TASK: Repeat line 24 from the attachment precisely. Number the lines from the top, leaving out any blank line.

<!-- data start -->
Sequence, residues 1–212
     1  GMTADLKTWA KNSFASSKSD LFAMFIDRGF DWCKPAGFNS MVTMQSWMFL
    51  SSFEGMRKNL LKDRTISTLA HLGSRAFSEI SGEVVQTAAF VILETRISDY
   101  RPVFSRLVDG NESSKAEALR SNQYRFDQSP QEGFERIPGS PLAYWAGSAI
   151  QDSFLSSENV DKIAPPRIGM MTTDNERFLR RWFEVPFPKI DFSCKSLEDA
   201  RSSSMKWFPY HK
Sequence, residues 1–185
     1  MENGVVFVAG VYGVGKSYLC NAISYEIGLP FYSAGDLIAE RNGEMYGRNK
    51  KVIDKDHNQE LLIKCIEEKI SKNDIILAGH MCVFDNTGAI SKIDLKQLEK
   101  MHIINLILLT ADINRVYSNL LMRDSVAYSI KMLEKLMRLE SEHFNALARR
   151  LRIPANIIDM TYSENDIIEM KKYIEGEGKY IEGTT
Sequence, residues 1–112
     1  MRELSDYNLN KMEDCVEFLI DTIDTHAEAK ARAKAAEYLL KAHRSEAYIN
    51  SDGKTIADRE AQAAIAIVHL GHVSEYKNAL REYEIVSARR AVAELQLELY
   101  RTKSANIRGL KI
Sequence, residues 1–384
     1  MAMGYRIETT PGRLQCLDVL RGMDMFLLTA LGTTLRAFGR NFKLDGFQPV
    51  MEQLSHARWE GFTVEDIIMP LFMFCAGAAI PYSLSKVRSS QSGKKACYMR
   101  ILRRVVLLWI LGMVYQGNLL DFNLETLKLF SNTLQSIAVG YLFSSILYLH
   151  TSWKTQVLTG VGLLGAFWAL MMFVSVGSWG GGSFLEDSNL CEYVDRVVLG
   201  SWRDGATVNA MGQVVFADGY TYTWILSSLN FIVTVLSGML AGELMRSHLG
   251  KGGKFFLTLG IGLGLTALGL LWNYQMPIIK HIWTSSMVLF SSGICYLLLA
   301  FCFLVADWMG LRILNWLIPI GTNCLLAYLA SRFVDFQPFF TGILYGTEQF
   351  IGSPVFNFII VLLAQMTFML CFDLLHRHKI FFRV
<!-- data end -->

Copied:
   351  IGSPVFNFII VLLAQMTFML CFDLLHRHKI FFRV